Twenty-year-old Matthew Holden will be representing the Liberal Democrats in Lincoln’s highly student-populated Abbey Ward, when he stands in this May’s local elections.
Despite being in his final year at the University of Lincoln and turning twenty-one just days before the election, the criminology and psychology student believes he has what it takes.
“I’m old enough to make difficult decisions but young enough to actually listen to people,” he says.
“I think that would make me a great candidate because I will actually listen to the people who are voting for me and take their input to the council.”
The Liberal Democrats are raising their profile among students, with their policy of phasing out tuition fees if they get into power. But Holden feels that it wasn’t simply a case of him choosing them: “I was thinking why I chose the Liberal Democrats and I came to a Harry Potter quote: ‘The wand chooses the wizard, Harry’, and in many ways I think that is apt for a political party.
“Why do the Liberal Democrats represent me? Well they are liberal, they want to create an equal, safer society for us all to live in, and they believe in democracy. Every single piece of their [policy] is voted on by their members – it’s led by the power of the people,” he says.
Holden explains that the experiences seen by our generation have given him the drive to make changes.
“I’m part of a generation that saw our nation go to war with Iraq and the public protests against it, the expenses crisis, and the rise of the BNP. With all these problems in politics, I think that it needs new people to go in and reduce these problems,” he says.
The Abbey Ward covers the area from Portland Street to Monks Road, and has a high percentage of students living in the area. It is these students that Holden plans to represent.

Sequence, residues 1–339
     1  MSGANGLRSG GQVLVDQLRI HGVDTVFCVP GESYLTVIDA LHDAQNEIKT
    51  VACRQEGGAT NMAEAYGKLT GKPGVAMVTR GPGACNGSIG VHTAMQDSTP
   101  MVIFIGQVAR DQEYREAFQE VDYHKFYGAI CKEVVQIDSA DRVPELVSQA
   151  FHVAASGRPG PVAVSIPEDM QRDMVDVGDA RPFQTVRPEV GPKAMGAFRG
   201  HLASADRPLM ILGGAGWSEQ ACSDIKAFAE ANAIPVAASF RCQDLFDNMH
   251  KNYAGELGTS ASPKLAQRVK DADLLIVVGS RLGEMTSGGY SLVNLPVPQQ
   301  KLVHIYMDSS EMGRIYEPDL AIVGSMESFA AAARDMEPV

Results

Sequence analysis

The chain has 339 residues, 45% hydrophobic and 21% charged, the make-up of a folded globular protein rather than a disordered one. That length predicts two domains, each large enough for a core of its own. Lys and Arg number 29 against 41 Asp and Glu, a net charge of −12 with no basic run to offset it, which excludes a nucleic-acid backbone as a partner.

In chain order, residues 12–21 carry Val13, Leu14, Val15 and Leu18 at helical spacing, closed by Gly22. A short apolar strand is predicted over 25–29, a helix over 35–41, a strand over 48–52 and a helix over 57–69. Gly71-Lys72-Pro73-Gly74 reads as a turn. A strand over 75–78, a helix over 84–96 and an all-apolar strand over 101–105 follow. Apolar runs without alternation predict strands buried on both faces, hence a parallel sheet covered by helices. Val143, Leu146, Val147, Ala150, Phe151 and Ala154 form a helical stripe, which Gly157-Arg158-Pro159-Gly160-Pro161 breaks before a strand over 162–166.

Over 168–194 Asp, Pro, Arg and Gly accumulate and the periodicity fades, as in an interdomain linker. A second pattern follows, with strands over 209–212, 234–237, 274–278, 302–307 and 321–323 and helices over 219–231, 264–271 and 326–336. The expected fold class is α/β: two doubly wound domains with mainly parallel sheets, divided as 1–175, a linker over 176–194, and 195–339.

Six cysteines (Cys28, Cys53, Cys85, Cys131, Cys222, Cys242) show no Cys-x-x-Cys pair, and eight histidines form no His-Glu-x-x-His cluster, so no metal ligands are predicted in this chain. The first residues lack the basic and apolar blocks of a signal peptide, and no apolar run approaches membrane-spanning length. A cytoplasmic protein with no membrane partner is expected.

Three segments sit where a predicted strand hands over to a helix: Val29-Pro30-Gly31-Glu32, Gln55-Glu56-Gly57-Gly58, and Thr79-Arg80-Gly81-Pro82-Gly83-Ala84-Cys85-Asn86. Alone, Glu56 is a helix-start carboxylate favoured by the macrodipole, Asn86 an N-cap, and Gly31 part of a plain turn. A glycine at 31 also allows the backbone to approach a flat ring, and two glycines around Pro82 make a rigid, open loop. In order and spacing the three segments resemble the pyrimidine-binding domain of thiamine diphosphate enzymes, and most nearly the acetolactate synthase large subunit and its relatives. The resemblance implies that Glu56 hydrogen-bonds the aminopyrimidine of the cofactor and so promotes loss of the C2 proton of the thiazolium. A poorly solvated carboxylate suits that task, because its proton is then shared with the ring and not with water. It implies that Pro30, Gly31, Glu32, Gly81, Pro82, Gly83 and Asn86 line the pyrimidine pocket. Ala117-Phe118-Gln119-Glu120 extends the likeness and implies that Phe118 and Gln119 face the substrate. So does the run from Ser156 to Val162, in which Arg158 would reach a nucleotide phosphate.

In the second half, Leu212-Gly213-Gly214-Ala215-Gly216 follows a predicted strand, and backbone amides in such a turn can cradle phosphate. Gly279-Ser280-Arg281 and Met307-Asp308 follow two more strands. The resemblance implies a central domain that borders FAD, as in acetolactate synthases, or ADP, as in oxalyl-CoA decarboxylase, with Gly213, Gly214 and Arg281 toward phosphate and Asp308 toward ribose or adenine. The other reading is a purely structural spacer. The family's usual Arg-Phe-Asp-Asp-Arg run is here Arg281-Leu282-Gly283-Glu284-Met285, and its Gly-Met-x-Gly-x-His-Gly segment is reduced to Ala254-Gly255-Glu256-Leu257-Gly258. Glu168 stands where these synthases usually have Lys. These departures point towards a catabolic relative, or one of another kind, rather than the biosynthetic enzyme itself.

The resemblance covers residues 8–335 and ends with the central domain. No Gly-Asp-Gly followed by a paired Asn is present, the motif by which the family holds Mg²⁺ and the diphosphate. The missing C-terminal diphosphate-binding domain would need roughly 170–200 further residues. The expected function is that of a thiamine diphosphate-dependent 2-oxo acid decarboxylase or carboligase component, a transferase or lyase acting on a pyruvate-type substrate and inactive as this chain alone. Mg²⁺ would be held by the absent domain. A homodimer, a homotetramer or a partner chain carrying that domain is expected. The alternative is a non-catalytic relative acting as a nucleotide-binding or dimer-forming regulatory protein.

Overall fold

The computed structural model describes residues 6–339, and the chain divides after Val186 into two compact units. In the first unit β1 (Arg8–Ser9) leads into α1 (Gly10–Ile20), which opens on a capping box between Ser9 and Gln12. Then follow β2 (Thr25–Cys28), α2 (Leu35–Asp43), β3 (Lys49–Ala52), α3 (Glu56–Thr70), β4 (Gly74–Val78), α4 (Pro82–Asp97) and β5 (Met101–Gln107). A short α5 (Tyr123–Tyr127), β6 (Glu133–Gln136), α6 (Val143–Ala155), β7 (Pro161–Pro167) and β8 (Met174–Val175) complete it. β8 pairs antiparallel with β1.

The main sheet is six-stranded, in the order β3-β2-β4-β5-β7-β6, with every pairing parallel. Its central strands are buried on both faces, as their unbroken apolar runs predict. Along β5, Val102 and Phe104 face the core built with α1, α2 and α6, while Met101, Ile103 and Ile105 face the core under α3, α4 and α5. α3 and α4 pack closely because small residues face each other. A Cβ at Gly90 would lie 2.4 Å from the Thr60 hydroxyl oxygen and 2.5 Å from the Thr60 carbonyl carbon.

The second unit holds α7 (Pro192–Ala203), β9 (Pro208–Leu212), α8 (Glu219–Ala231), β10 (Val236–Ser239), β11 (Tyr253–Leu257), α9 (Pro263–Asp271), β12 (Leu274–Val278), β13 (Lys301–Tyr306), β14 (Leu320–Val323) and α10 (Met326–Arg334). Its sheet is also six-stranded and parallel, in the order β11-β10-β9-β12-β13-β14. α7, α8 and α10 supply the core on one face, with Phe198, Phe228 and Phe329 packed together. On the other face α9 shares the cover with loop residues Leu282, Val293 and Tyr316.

“Students are a large population in Lincoln. We contribute 10% to the city’s economy and I think we need some representation.”
His main issues are those he believes students are passionate about, including roads and parking, animal rights protests, and the campaign regarding the building of a dairy farm just outside Lincoln.
As for the university itself, Holden admits that although he won’t have any specific powers over its workings, he can offer influence via lobbying: “I will have direct contact with the local MP and those who do have the power, so I’d be a great platform to lobby from and bring about the students’ wishes in that way.”
Passionate about politics, he claims that his interest isn’t just something he chose to do “on a whim”, but a passion that he wishes to fulfil in the future: “I plan on being an MP by the age of 30 and I’d like to be in Government by the age of 35. These aren’t unachievable targets. Tony Blair is a shining example of that,” he says.
Although Holden will be balancing his campaigning with working towards his finals, he is confident that he will be able to cope better than some of his rivals:
“Campaigning will be a mammoth task as I will be preparing for my finals, however I know I can balance out the two better than perhaps other candidates. I don’t have a full-time job or children, so I have a wealth of time to give to campaigning.
“I thrive under pressure! The more pressure, the more I achieve.”
As he begins his political campaign, aiming to meet as many of his constituents as possible, Holden says that first and foremost he wants to be seen as a local: “First, think of me as just a local guy, trying to make a difference, then as a student, then as a politician.”Tweet